Preconditions for Euro fare wars? May 1998
A key characteristic of the intra–European scheduled market is that none of the incumbents seems to be able to make any money. Whether fast–growing like KLM or nearly stagnant like Air France, whether operating in a fragmented market like British Airways or in a near monopoly like Lufthansa, the AEA carriers all claim that their intra–European/domestic operations are loss–making or at best break even.
This was not seen as too much of a problem for those carriers that operated profitable longhaul networks, as the key role of the European routes was feed. For those carriers with unprofitable long–hauls, the ultimate solution was state aid. Now, finding a solution to intra–European losses has become a priority as low–cost carriers inexorably expand in Europe.
The Euro–majors have evolved a wide range of strategies aimed at improving the efficiency of their European operations; examples of the main strategies are summarised in the table opposite.
- BA and Lufthansa operate traditional lower cost domestically–based subsidiaries, although BA has been the innovator in transborder investment (through DBA and TAT/Air Liberté) which, it has to be said, has yet to pay off.
- BA was also the first airline to utilise franchised airlines like CityFlyer that take BA’s brand into niches too small for the parent airline. Examples of transborder code–sharers include Lufthansa/Air Littoral and Air France/Eurowings.
- Go is the first of specifically designed low–cost subsidiaries but there are other variations on this strategy — the charter/scheduled hybrid Transavia, for example, or Alitalia’s innovative Team concept. Team is a subsidiary that looks identical to the parent but whose employees operate under more commercial wage structures and work rules; the idea is to reverse all Alitalia employees into the subsidiary by the year 2000.
- Finally, Euro–Majors have been seeking cost savings and economies of scale through rationalisation of mainline operations. This takes the form of alliances — between, for example, Lufthansa/ KLM — or integration; for example Air France’s absorption of Air Inter.
The overall European trend is that the internal market is becoming more diversified at the same time as the long–haul market is becoming more concentrated. The pie charts provide a snapshot of the current structure of the market — we have categorised the scheduled operators of 120–180 seaters in western Europe into commercial Euromajors, airlines that have received state aid, the lower cost independents (including the likes of British Midland as well as the new entrants) and the Euro–majors' subsidiaries (DBA, KLM uk, etc).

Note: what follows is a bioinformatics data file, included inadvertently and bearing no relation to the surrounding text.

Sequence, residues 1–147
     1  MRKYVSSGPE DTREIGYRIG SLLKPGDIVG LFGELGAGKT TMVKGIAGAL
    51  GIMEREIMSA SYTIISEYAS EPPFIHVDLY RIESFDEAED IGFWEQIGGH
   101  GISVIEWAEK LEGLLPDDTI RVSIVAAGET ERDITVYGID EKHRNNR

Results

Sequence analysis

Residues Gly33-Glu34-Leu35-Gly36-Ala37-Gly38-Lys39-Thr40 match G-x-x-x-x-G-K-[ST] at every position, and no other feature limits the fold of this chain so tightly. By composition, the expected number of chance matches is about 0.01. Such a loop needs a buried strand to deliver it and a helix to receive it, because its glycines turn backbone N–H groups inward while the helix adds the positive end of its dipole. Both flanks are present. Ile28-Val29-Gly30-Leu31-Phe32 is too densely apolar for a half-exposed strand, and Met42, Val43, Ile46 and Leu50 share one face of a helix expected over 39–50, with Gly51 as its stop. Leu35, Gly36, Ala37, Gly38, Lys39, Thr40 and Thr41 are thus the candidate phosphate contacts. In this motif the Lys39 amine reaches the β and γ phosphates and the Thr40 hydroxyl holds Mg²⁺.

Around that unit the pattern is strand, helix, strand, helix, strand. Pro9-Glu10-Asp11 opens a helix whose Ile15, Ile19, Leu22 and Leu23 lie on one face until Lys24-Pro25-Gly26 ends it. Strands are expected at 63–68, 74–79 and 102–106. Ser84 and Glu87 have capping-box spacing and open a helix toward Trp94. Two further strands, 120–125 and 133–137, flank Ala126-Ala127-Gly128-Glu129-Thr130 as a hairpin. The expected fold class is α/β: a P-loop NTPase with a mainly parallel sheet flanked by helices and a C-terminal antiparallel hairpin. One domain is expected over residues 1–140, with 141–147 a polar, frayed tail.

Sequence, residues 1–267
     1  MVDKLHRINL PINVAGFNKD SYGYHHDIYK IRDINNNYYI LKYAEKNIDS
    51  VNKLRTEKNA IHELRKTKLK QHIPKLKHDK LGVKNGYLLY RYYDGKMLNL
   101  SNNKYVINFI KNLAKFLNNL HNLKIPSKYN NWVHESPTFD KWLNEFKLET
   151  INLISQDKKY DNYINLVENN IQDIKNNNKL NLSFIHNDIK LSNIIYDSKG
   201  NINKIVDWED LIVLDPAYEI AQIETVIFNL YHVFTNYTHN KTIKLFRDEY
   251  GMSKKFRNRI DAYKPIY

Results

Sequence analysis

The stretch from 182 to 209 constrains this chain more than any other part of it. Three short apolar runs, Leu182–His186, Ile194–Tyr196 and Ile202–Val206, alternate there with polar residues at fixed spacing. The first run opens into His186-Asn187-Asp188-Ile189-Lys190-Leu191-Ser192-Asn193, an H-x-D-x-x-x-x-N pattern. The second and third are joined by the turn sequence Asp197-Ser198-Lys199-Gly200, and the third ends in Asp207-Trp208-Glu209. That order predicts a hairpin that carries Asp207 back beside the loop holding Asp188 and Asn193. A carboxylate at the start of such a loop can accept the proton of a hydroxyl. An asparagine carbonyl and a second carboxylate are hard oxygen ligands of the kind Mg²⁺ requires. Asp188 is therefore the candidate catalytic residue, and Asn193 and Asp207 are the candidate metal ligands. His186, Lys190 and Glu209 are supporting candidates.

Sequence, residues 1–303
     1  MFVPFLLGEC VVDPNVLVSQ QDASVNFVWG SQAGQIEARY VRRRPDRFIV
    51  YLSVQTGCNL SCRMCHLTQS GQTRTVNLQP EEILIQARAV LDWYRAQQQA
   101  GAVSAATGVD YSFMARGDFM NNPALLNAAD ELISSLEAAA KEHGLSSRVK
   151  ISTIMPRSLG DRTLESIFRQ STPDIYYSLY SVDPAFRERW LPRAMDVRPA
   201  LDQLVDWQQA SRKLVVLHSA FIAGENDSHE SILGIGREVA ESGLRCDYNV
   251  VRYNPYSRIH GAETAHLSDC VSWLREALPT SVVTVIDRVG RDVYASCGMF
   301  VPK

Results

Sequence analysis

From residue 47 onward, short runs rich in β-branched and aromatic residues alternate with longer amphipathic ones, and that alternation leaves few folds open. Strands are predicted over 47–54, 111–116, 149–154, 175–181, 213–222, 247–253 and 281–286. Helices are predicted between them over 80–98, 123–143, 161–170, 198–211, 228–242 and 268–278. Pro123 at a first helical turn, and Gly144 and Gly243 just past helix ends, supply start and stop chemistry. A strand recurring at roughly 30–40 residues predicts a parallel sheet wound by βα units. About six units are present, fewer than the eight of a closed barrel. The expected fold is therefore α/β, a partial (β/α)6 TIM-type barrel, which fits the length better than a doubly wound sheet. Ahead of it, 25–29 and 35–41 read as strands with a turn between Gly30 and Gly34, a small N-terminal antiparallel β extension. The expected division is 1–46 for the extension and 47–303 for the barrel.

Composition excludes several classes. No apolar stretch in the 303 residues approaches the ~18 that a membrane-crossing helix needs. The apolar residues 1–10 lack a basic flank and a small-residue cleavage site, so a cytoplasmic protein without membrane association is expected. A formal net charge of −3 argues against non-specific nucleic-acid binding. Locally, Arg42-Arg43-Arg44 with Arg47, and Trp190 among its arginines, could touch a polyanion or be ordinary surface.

At the most basic level, the 35% of capacity operated by the commercial inadequates must be the prime target for the low–cost carriers, both independents and subsidiaries. The independents represent a larger proportion of the orderbook, 20% as against 11% for the existing fleet, but ironically almost half the orderbook is accounted for by recent commitments from Alitalia, Iberia and Sabena. BA’s flexi–order for up to 100 aircraft has yet to be awarded.
The leading new entrants, like Ryanair and easyJet, are now moving into a new expansion phase as they start to receive brand–new 737s into their fleets. Because their cost structure will inevitably increase, they will be attempting to accelerate their advances into higher cost, more protected segments of the European market. Hardly any of the 33 non–London routes that the UK CAA identified in its 1995 benchmark report ("The single European aviation market: Progress so far") as being suitable for third airline competition have seen new entrant carriers. EasyJet’s plan for an operation at Geneva is an indicator of future trends.
Last year it looked as if the expansion of low cost carriers would be restrained by lack of suitable equipment. But now they have access to a new source of supply — aircraft displaced from the Asian fleets. Go’s first two 737s came from PAL via GECAS, and the availability of narrowbodies will increase — in the process reversing the upward pressure on prices and rentals.
If there was also to be a downturn, or even a significant slowdown in the rate of intra–European traffic growth, all the conditions would be there for Europe’s first full–scale scheduled fare war.
|Domestic subsidiary||Transborder subsidiary||Domestic franchise/ codeshare||Transborder codeshare||Low cost subsidiary||European alliance||European consolidation|
|BA Regional||DBA, TAT||CityFlyer||-||Go||-||-|
|Air France||-||-||Brit-Air||Eurowings||-||-||Air Inter|